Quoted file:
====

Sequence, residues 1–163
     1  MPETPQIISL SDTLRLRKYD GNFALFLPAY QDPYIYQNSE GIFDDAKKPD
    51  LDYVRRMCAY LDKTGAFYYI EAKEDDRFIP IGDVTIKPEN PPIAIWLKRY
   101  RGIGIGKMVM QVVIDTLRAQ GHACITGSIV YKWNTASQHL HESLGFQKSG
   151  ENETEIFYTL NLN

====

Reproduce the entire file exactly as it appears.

Sequence, residues 1–163
     1  MPETPQIISL SDTLRLRKYD GNFALFLPAY QDPYIYQNSE GIFDDAKKPD
    51  LDYVRRMCAY LDKTGAFYYI EAKEDDRFIP IGDVTIKPEN PPIAIWLKRY
   101  RGIGIGKMVM QVVIDTLRAQ GHACITGSIV YKWNTASQHL HESLGFQKSG
   151  ENETEIFYTL NLN